Alberta asks to cut public service pay as high as five per cent

A report last summer said the province pays much higher on average per capita for public services

Alberta Finance Minister Travis Toews, left, delivers the provincial budget as Premier Jason Kenney looks on, in Edmonton, Thursday, Oct. 24, 2019. THE CANADIAN PRESS/Jason Franson

The Alberta government is seeking wage rollbacks as binding arbitration is set to resume with unions that represent more than 180,000 public-sector workers.

Finance Minister Travis Toews says the United Conservative government will ask arbitrators to impose an average two-per-cent wage cut in 30 upcoming public sector wage cases, but the amount will vary. In some cases, it will ask for reductions as high as five per cent.

Toews said the province has great respect for what the workers do, but public-sector pay accounts for more than half of government expenses and is higher than comparable provinces.

He said the goal is to bring salaries in line with workers in similar provinces.

“We want to be fair to our public sector,” Toews said Tuesday.

“(But) the MacKinnon panel (on Alberta’s finances) recommended that over time we would move our public sector remuneration in line with the other provinces and this will accomplish that.”

Workers affected include nurses, teachers, social workers, hospital support staff, prison guards, conservation officers, toxicologists, restaurant inspectors, therapists and sheriffs.

They were to have their wages reopened earlier this year under collective agreements, but the province passed a law to delay the talks until Oct. 31 so it could get information from a panel headed by former Saskatchewan finance minister Janice MacKinnon.

The panel reported in August that Alberta pays much higher on average per capita for services and in some cases receives poorer results. It urged immediate action to reduce spending to end multibillion-dollar deficits and spiralling debt.

The unions had been asking for pay raises ranging from three to almost eight per cent, and the government had initially been pushing for a wage freeze.

Toews said circumstances now demand a cut.

The Alberta Union of Provincial Employees called the move a direct attack on the livelihoods of front-line workers and their families.

“This is a further hit to hard-working Albertans who have already taken two years of zero wage adjustments,” president Guy Smith said.

“The anger that has built up is now in danger of spilling out into the streets.

READ MORE: Alberta tables climate plan for industry; retains key parts of old legislation

“Over 1,000 AUPE activists gathered at our recent convention in Edmonton. They unanimously endorsed a resolution to fully support any groups of members that take direct action against their employer.”

Earlier this week, the government tabled legislation to allow it to use replacement workers instead of union staff to cover off essential services in case of job action.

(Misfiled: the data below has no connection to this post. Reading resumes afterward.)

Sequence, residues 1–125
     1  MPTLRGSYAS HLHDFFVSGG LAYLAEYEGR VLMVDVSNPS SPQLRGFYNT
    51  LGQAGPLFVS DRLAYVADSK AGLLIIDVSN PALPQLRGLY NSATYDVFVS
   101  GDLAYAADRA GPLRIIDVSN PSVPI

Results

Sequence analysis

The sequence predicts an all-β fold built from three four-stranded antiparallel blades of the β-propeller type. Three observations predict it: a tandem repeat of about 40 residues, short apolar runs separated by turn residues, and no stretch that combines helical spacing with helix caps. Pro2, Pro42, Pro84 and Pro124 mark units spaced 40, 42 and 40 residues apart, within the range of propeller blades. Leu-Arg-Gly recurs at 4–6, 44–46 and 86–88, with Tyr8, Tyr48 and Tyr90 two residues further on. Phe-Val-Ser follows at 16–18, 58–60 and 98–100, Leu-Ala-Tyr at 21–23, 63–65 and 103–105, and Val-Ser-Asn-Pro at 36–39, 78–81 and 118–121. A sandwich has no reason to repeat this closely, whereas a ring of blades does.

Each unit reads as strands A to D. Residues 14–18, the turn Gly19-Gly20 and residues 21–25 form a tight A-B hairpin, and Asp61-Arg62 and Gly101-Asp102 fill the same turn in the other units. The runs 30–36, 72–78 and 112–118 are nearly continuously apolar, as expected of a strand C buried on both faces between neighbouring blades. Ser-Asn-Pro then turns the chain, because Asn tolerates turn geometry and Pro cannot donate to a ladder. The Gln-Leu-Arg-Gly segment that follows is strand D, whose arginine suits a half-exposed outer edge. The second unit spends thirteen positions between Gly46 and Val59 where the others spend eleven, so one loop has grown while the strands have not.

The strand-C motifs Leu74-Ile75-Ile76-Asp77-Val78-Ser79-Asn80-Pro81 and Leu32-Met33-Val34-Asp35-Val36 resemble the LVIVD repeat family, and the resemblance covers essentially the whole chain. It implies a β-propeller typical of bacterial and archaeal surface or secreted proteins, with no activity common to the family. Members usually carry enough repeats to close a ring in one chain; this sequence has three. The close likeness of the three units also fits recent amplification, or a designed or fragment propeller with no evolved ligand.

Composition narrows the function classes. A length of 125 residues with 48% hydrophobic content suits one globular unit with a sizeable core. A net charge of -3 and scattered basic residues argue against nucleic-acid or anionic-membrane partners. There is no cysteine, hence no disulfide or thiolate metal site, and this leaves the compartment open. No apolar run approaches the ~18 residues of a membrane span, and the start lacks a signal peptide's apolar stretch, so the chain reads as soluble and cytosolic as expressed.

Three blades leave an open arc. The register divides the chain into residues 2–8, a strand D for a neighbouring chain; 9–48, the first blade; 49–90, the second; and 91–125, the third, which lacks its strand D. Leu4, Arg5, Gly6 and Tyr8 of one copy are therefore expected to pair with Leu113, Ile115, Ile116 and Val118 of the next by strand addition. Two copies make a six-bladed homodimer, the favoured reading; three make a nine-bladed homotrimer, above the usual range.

In last week’s budget, Premier Jason Kenney’s government said it aims to reduce the size of the civil service, mainly through not filling jobs when they come open.

Dean Bennett, The Canadian Press

Get local stories you won't find anywhere else right to your inbox.
Sign up here

Just Posted

Central zone active cases down to 20

Province provides update

Ladies Golf Scramble raises $3,355 for local charity

All proceeds raised will be donated to the Education Plus Fund for the WRPS district.

Three Central Alberta breweries win big at the Canadian Brewing Awards this year.

Hawk Tail Brewery among two other Central Alberta Breweries to bring home top accolades.

Wetaskiwin RCMP make arrests for Hit and Run to residence

Damage estimates are expected to be in excess of $20,000.

UPDATED: Red Deer has nine active COVID-19 cases

Number of cases increased by 107 Friday

Quirky Canadian comedy ‘Schitt’s Creek’ takes Emmys by storm with comedy sweep

Toronto-raised Daniel Levy and Ottawa-born Annie Murphy both got supporting actor nods

First annual Best of Wetaskiwin Readers’ Choice Awards

Enter to win a $200 gift card for Canadian Tire.

Lacombe beekeepers give the buzz on winterizing hives

Winterizing a honeybee hive is not a simple task, local apiarists say

Six injured, man in custody following BB gun incident in Alberta, RCMP say

Airdrie’s downtown core was told to shelter-in-place, while others nearby were asked to stay inside

Nearly 20 per cent of COVID-19 infections among health-care workers by late July

WHO acknowledged the possibility that COVID-19 might be spread in the air under certain conditions

Young Canadians have curtailed vaping during pandemic, survey finds

The survey funded by Heart & Stroke also found the decrease in vaping frequency is most notable in British Columbia and Ontario

“My world exploded,” says Bentley-area farmer who’s swather was struck by a motorist

Dennis Duncan was a mile from home when his swather was struck by another travelling at high speeds

Most Read